Apologies in advance for just this quick link, but the topic is very timely given our highly-read post last week suggesting the repeal/modification of DSHEA, the primary US legislation directing the weak oversight of the dietary supplement industry.
Herbal Science International, Inc. and FDA informed consumers and healthcare professionals of a nationwide recall of twelve dietary supplements that contain ephedra, aristolochic acid or human placenta because they may present a serious health hazard to consumers [press release]. FDA has long regarded dietary supplements containing ephedra, a botanical that contains ephedrine alkaloids, as a potential health hazards because the alkaloid raises blood pressure and otherwise stress the circulatory system. These effects are linked to adverse health effects like heart attacks and stroke. FDA issued a rule in February 2004 prohibiting the sale of dietary supplements containing ephedrine alkaloids because they present an unreasonable risk of illness or injury.
Two of the recalled products contain aristolochic acid which is a potent carcinogen and nephrotoxin. This chemical can cause serious kidney damage and has been associated with several occurrences of kidney failure. The twelfth recalled product contains human placenta, an ingredient which may transmit disease. Dietary supplements that contain human placenta may not be lawfully marketed in the United States. No illnesses have been reported in connection with the recalled products and distribution of all of the products has ceased. Consumers should immediately discontinue use of the recalled products and return the product(s) to their place of purchase.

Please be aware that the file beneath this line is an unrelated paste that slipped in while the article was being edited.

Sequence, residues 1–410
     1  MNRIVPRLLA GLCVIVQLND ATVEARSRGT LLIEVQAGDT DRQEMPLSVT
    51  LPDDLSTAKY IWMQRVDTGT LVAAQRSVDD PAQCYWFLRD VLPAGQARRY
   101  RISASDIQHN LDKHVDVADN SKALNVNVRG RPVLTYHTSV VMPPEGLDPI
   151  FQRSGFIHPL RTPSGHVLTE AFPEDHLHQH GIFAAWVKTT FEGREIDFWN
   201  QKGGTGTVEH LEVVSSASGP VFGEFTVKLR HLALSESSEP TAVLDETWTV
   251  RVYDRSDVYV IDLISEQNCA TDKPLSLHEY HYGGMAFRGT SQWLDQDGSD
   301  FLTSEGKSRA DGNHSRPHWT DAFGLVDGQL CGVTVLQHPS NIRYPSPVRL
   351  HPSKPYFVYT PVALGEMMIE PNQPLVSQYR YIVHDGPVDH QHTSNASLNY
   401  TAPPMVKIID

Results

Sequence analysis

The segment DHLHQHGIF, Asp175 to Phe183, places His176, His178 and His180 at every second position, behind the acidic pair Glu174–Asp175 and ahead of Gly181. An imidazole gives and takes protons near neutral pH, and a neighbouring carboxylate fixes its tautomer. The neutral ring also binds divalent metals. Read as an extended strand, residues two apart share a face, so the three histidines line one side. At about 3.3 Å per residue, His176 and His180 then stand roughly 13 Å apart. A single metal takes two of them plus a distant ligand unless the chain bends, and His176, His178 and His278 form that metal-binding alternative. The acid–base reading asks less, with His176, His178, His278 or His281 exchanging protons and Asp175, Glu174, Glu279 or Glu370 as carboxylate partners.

This is not the first case of herbal products containing the carcinogen and nephrotoxin, aristolochic acid, and FDA maintains a page on several similar episodes in 2000/2001.
Part of the reason for this quick post is that I am currently attending a botanical medicine conference addressing the science, or lack thereof, of herbal supplements used worldwide. What I have found most interesting is that representatives from this industry are themselves getting disgusted with the less reputable end of the manufacturer spectrum that draw negative press for general poor quality control over raw materials as seen in today’s announcement.
Will the companies support modifications to DSHEA or is there any influence they can have in self-policing the wild west mentality of the fringes of their industry?
Until then, keep an eye on FDA’s MedWatch website for this and other supplement safety actions:
Read the entire 2008 MedWatch Safety Summary, including a link to the manufacturer’s press release regarding this issue and a list of the recalled products at: http://www.fda.gov/medwatch/safety/2008/safety08.htm#Herbal